MORE than €33,000 was spent by Cork County Council in seeking legal advice from barristers in relation to its legal position regarding the city boundary extension.
Figures released to the Evening Echo under the Freedom of Information Act show that senior counsel barristers’ fees amounted to €16,605 for “consultation, written opinion and further advice”.
A portion of this, €3,500, was for fees related to supplementary opinion, a letter and a conference call.
Junior counsel barristers were paid €10,000 for consultation with senior counsel, opinion, supplementary written advice, and “sundry telephone and email advice”.
€3,600 was also paid for services related to correspondence, consultations and the drafting of documentation.
A spokesperson from the Council said: “As Cork County Council has its own in-house law department no funds were spent on the engagement of firm of solicitors”.
In total, the Council paid €33,333 in fees for legal advice related to the matter.
At a statutory County Council meeting in December, councillors discussed legal advice on the Council’s position in a private session which the media was barred from.
A report by the boundary Implementation Oversight Group was approved by Cabinet this week with Ballincollig, Blarney, Tower, Rochestown, Frankfield and Douglas now ready to be subsumed into the city — bringing the urban and added metropolitan population up to 210,000 from 125,000. Cork County Council will not lose the large rates bases of Little Island and Carrigtwohill.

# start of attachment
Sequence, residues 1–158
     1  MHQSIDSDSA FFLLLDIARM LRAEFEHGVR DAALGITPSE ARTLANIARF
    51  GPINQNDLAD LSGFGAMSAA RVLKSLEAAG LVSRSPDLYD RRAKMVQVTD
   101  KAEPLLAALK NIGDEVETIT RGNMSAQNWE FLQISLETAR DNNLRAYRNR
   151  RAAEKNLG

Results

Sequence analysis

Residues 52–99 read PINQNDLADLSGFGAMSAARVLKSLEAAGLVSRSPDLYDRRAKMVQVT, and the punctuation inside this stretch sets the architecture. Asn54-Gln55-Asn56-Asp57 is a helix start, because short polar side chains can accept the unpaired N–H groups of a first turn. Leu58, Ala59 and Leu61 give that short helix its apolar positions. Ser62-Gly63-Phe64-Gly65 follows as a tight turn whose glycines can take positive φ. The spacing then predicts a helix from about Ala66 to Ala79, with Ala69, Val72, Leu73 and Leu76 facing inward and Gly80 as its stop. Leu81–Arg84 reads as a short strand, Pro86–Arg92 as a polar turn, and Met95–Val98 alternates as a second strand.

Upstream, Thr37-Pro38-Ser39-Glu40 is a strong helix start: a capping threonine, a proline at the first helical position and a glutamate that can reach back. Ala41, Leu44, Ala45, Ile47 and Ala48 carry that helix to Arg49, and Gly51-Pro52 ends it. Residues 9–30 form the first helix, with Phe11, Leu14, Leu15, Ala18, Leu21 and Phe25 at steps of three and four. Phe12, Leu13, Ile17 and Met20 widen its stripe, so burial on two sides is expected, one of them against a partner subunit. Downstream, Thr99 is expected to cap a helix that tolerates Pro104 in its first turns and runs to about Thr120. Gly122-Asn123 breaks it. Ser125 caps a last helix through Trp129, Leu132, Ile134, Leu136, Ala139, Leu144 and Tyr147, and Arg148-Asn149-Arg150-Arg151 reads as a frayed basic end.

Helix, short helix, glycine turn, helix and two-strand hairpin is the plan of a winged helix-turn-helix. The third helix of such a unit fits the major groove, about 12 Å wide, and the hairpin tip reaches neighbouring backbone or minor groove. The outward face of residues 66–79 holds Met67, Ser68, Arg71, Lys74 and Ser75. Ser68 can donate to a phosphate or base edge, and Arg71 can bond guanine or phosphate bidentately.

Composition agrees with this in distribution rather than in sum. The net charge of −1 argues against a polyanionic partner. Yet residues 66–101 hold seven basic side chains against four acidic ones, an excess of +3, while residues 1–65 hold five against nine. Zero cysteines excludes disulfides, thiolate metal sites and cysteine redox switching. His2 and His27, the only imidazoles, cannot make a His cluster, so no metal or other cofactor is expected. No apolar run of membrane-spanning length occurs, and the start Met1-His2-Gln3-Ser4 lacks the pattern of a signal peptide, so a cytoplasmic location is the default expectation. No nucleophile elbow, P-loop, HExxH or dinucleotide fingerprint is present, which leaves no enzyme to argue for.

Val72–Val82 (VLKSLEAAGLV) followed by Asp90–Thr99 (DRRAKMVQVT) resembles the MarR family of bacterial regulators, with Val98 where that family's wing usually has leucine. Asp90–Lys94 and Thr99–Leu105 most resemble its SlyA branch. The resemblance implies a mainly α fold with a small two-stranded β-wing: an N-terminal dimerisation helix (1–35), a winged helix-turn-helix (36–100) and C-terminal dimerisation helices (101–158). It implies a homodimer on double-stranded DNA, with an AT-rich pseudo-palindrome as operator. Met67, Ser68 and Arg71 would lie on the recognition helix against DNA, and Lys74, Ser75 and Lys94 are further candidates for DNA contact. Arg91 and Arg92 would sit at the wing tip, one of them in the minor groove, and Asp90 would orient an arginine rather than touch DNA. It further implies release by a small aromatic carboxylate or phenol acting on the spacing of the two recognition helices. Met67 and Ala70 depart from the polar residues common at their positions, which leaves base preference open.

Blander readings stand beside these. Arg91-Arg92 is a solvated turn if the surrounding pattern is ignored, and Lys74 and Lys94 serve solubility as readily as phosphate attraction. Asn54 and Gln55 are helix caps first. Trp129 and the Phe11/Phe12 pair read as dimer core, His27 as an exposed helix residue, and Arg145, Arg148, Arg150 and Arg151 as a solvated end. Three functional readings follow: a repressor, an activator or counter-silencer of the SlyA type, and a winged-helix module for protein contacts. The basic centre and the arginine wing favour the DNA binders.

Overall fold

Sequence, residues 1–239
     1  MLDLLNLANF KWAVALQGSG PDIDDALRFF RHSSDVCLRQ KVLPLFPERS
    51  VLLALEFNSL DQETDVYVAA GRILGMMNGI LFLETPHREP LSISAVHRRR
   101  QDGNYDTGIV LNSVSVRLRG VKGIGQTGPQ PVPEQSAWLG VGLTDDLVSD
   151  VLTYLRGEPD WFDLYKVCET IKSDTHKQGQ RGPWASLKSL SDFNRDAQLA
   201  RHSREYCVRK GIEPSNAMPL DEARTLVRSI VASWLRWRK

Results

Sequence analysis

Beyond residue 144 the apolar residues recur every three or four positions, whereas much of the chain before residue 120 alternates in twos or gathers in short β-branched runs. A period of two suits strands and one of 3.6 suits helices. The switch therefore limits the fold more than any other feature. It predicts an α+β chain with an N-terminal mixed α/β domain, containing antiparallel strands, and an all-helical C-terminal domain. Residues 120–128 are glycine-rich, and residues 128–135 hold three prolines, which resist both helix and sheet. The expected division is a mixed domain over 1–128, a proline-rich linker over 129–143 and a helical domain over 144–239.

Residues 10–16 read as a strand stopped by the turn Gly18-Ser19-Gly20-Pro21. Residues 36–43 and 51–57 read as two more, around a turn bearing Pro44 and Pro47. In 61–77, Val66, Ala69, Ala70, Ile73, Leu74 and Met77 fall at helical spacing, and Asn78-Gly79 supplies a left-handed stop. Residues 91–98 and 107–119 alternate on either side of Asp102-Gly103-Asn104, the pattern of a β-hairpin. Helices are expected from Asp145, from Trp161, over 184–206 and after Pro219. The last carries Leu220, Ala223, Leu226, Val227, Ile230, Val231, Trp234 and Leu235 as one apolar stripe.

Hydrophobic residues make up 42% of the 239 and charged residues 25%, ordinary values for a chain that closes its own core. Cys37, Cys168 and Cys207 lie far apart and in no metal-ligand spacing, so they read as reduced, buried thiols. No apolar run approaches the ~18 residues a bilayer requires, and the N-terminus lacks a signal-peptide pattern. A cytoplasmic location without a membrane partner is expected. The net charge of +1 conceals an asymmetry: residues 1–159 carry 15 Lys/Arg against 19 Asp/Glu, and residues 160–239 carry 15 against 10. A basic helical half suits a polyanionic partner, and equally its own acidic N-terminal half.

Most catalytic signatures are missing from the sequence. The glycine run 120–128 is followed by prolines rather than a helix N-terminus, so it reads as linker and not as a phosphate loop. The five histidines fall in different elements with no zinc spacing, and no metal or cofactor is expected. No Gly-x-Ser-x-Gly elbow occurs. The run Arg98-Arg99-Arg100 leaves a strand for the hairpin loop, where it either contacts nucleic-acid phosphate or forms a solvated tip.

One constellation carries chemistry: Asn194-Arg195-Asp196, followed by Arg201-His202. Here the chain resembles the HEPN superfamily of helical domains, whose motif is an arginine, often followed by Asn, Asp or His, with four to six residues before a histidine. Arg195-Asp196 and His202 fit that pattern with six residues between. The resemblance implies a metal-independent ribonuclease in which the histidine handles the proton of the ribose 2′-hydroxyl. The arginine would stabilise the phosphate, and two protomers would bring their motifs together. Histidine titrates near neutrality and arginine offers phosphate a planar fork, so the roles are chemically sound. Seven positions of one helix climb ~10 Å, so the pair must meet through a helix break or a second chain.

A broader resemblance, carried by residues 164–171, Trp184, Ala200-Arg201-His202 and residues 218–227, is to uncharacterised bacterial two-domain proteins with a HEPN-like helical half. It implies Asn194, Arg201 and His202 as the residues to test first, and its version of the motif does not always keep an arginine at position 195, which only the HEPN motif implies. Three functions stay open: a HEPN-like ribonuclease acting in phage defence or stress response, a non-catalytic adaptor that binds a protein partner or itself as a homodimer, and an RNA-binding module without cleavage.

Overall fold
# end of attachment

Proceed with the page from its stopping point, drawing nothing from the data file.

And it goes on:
No further debate on tweaks to the extension will take place before a Government Bill is due to be published at the end of June.
The legislation will allow for a review in 12 to 15 years.
The county authority resolution had mooted an alternative plan for the boundary which would have seen land in Grange, Frankfield, Ballyvolane and Douglas ceded to the city but not Ballincollig, Blarney and Tower — which had been included in the original Mackinnon report on the extension.
Meanwhile, Cork city and county councils have now been directed to hammer out a compensation deal to address the loss of earnings from the change in boundaries.
If the councils cannot come to an agreement, which is expected to cost the city council millions of euro each year, the minister for local government will intervene to dictate the amount that must be paid out.
The boundary extension will have a significant knock-on impact on Cork County Council which will lose out on revenue from rates collected from areas that will be moved inside the city boundary.